EtOH-thiamine deficiency (TD) induces astroglial activation in thalamus (THAL), but not in entorhinal cortex (ENT). C57BL/6 mice were treated with vehicle and EtOH+TD10 as described in Materials and Methods. Animals were sacrificed 24 hours following the last dose of EtOH treatment (5 g/kg, i.g. daily for 10 days). Brain sections were immunostained with glial fibrillary acidic protein (GFAP) astrocyte antibody. Astroglia (GFAP+IR) were in resting morphology in ENT of mice treated with both vehicle and EtOH+TD10. However, EtOH+TD10-treated THAL showed significant astroglial activation showed by enlarged GFAP+IR cells and intensified GFAP staining, compared with vehicle controls. Astroglia in TD alone treatment showed activated morphology in ENT, compared with EtOH+TD10-treated ENT. Scale bar = 50 μm.
© Copyright Policy - open-access
Related In: Results  -  Collection

License
Show All Figures
getmorefigures.php?uid=PMC3959259&req=5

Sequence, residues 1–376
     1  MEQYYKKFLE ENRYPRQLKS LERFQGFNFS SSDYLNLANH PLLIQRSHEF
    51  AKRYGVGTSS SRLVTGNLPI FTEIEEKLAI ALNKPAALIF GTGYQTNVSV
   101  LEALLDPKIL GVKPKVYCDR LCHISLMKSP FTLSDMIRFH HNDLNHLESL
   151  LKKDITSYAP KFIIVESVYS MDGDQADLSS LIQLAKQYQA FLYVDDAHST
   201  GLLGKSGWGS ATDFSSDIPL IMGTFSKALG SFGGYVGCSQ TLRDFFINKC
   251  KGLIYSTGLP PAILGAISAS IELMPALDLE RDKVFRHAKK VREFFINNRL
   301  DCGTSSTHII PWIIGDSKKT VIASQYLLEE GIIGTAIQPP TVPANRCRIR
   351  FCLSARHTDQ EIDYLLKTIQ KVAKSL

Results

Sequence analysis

fig07: EtOH-thiamine deficiency (TD) induces astroglial activation in thalamus (THAL), but not in entorhinal cortex (ENT). C57BL/6 mice were treated with vehicle and EtOH+TD10 as described in Materials and Methods. Animals were sacrificed 24 hours following the last dose of EtOH treatment (5 g/kg, i.g. daily for 10 days). Brain sections were immunostained with glial fibrillary acidic protein (GFAP) astrocyte antibody. Astroglia (GFAP+IR) were in resting morphology in ENT of mice treated with both vehicle and EtOH+TD10. However, EtOH+TD10-treated THAL showed significant astroglial activation showed by enlarged GFAP+IR cells and intensified GFAP staining, compared with vehicle controls. Astroglia in TD alone treatment showed activated morphology in ENT, compared with EtOH+TD10-treated ENT. Scale bar = 50 μm.